GPs could see measles, mumps, and rubella (MMR) vaccination catch-up elements added to the GP contract, in an effort to tackle low uptake levels.
The proposals, put forward by Public Health England as part of its measles and rubella elimination strategy for 2019, also included adding a set of uptake indicators for older age groups to the quality and outcomes framework (QOF).
But GP leaders argued increasing the pressure on GPs would not ‘make any real difference’ and called on PHE to focus on overcoming public ‘skepticism’ about the vaccine instead.
PHE said in response to low uptake, older age cohorts (over five years) should be targeted through opportunistic and targeted catch-ups.
The report said: ‘The immunity gap for England and London is most pronounced for the cohorts born between 1998/99 and 2003/04 (aged 15 to 20 years in 2018).
‘Unless these immunity gaps are addressed through the strategies outlined below England will continue to remain vulnerable to measles outbreaks particularly in age cohorts with the highest susceptibility and areas and communities with the lowest coverage,’ it added.
To improve uptake in this group, the PHE strategy said: ‘Explore including additional MMR catch-up elements in the GMS contract and develop relevant indicators for QOF.’
However, no more detail was provided on how this would be done.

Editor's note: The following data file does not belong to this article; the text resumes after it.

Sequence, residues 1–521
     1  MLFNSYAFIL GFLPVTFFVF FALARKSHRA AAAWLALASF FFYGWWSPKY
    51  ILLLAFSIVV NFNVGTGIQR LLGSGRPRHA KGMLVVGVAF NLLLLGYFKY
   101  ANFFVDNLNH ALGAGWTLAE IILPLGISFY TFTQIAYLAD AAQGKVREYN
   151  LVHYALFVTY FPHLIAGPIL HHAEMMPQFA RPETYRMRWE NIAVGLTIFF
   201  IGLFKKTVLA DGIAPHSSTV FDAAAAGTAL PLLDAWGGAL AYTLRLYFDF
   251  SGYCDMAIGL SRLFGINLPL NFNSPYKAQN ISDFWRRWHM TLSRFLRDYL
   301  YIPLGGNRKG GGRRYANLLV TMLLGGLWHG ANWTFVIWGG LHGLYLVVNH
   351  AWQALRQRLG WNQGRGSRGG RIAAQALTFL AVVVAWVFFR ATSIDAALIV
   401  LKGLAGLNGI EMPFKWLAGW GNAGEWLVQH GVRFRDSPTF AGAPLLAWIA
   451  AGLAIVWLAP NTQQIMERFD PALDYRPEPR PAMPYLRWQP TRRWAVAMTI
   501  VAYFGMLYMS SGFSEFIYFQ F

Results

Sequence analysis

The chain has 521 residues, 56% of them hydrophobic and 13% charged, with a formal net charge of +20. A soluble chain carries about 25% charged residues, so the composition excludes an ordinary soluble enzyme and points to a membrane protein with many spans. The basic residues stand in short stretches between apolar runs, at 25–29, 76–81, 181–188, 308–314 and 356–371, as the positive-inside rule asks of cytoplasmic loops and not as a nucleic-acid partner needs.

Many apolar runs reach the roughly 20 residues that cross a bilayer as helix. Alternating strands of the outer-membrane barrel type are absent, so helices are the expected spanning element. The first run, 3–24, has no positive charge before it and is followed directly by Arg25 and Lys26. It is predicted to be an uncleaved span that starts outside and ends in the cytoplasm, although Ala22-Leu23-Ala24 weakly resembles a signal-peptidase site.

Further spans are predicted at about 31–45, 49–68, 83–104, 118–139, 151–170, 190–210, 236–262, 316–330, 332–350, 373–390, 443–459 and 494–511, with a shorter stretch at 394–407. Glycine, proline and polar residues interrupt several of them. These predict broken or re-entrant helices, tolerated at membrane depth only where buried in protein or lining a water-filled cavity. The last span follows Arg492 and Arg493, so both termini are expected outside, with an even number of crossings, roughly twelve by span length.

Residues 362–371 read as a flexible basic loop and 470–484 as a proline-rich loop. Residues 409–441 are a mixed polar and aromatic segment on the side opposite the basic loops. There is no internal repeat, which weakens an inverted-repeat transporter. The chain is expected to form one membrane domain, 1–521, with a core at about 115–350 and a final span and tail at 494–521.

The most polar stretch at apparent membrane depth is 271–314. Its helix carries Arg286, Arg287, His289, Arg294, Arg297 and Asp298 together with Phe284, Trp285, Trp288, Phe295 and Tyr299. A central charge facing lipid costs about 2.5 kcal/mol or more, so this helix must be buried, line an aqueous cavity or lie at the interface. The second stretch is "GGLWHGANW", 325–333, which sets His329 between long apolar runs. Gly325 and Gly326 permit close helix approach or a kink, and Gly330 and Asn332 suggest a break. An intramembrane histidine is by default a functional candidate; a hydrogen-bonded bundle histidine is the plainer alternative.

Although the World Health Organisation (WHO) confirmed the UK eliminated measles and rubella in 2015 and 2016, PHE stressed this only means the disease is no longer active in the UK but not that it has been completely wiped out.
In order to do this, both doses of MMR need be at the required 95% target. And while the first dose is at this level, the second is not.
Meanwhile, a review of primary care workforce gaps to address any shortages, especially in practice nurses, school immunisers and health visitors, should be carried out to improve uptake in under fives, the report said.
PHE and NHS England are now working with local authorities and CCGs to decide whether the proposals will be followed through.
But BMA GP committee chair Dr Richard Vautrey said putting more pressure on GPs to increase vaccine uptake completely misses the point.
Commenting on the QOF proposal, Dr Vautrey said: ‘I think it is unlikely to make any real difference. The reality is that there is a big campaign needed to convince parents of the benefits and importance of MMR vaccines. The real challenge is overcoming their skepticism and that’s where the focus needs to be placed. Not on creating more difficulty for practices.’
‘GPs already try their hardest to encourage people to get immunised. We need a wider societal approach,’ he added.
However, Dr Vautrey did welcome plans to address gaps in the number of nurses and health visitors, saying this would help increase communication between doctors and parents, making it easier to educate them on the importance of vaccinations.
PHE head of immunisation Dr Mary Ramsay said: ‘Our achievements to date are a testament to the hard work of health professionals in the NHS. But, if we wish to build on our successes, and sustain measles and rubella elimination for future generations action needs to be taken now.’